Editors are people who know what makes a story work, and how to fix parts that you might not even realize are broken. They also know how a story fits in the market place and they'll know if your idea has already been done. Don't make the mistake of underestimating how valuable it is to work with a professional editor.

2. You're doing it in hopes of making yourself more appealing to agents and publishers.

These days, according to the agents I've talked to about this, it doesn't really hurt to have self-published, but it doesn't help either unless you have good sales numbers. I asked Amanda Luedeke with MacGregor Literary if she could be more specific with me about what sales numbers she considers "good" for a self-published book. Here were her thoughts:

If it's a print version, we like to see 5,000 copies sold in the first year. If it's digital, then it depends on price point and market. In the general market, they look for sales in the tens or hundreds of thousands if the price point is under $2.99 or so. In the Christian market, they can be impressed with less, but they still want a figure in the tens of thousands for a lower price point. Higher ebook price points can be treated more similarly to print rules.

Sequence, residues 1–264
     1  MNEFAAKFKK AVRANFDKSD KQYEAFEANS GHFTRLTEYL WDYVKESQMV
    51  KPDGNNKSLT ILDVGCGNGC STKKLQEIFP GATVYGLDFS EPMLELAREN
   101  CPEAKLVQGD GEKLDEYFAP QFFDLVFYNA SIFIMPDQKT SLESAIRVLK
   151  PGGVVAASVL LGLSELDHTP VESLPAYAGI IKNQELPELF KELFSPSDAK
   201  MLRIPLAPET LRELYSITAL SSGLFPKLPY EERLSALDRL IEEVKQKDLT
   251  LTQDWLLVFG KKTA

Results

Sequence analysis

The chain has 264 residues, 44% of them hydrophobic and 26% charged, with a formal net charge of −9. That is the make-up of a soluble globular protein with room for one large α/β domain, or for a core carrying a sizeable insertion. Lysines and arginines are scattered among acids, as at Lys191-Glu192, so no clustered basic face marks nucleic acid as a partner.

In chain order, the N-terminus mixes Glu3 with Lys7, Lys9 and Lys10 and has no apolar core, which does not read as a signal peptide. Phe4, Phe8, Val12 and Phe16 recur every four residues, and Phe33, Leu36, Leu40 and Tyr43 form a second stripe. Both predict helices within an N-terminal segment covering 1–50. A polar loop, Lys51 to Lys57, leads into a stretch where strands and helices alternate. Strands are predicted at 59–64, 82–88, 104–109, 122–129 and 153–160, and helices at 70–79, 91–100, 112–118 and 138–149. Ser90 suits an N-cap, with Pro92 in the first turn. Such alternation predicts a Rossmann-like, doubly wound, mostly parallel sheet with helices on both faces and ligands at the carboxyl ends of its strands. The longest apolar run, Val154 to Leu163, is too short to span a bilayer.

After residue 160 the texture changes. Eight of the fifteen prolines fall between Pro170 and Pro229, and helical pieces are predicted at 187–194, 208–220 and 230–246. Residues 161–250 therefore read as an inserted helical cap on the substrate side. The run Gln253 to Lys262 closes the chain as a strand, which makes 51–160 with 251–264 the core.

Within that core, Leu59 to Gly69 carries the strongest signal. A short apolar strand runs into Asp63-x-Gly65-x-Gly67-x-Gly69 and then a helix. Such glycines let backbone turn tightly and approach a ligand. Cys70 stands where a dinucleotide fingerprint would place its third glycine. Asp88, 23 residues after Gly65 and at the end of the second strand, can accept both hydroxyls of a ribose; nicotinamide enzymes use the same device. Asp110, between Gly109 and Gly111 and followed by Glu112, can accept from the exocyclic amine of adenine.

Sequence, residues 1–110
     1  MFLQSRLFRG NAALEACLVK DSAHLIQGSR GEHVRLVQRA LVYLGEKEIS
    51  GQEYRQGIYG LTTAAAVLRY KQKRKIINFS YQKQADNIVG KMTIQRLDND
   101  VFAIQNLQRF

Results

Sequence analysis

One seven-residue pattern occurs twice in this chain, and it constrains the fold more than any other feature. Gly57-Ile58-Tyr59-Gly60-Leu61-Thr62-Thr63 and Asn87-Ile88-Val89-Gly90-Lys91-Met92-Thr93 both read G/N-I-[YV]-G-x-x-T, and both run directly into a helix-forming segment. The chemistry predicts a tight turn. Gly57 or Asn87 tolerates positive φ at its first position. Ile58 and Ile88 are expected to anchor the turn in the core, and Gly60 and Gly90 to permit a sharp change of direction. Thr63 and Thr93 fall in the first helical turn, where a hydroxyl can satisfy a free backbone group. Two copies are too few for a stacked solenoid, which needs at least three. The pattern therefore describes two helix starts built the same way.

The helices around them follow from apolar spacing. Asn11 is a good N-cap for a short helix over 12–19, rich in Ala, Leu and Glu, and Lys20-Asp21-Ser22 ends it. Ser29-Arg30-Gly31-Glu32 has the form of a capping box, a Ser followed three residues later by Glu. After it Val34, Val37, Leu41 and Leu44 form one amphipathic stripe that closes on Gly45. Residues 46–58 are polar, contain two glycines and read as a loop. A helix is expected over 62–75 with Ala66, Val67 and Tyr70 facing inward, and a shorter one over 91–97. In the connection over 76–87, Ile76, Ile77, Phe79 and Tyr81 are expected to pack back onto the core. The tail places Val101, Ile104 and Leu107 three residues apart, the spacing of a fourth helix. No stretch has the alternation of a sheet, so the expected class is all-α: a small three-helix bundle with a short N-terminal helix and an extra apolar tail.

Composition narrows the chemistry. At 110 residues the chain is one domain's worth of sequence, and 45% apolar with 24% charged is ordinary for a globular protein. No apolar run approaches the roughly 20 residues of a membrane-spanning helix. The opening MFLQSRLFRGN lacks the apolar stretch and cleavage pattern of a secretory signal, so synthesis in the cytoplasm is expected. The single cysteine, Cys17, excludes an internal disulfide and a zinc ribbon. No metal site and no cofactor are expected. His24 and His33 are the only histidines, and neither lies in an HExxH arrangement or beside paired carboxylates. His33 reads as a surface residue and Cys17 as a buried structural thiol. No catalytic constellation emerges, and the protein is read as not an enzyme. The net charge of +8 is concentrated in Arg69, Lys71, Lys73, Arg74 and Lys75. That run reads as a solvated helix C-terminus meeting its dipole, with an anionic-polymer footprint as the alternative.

3. If you hope to someday be traditionally published.

Self-publishing, when done right, takes a lot of time. You're researching which company to go with, formatting your book correctly for ebooks and for print, finding a cover artist and an editor, and, and, and. It's a long list. And then the book releases, and you move on to marketing.

That's a lot of time NOT writing. If your goal is to be traditionally published, we feel it's better to spend your time pursuing that with your whole heart, at least for a period of time. Grow as a writer, attend a couple conferences, take classes, join a critique group, pitch to agents and editors, and see what happens. This requires a lot of patience, but Jill and I see it work for writers all the time.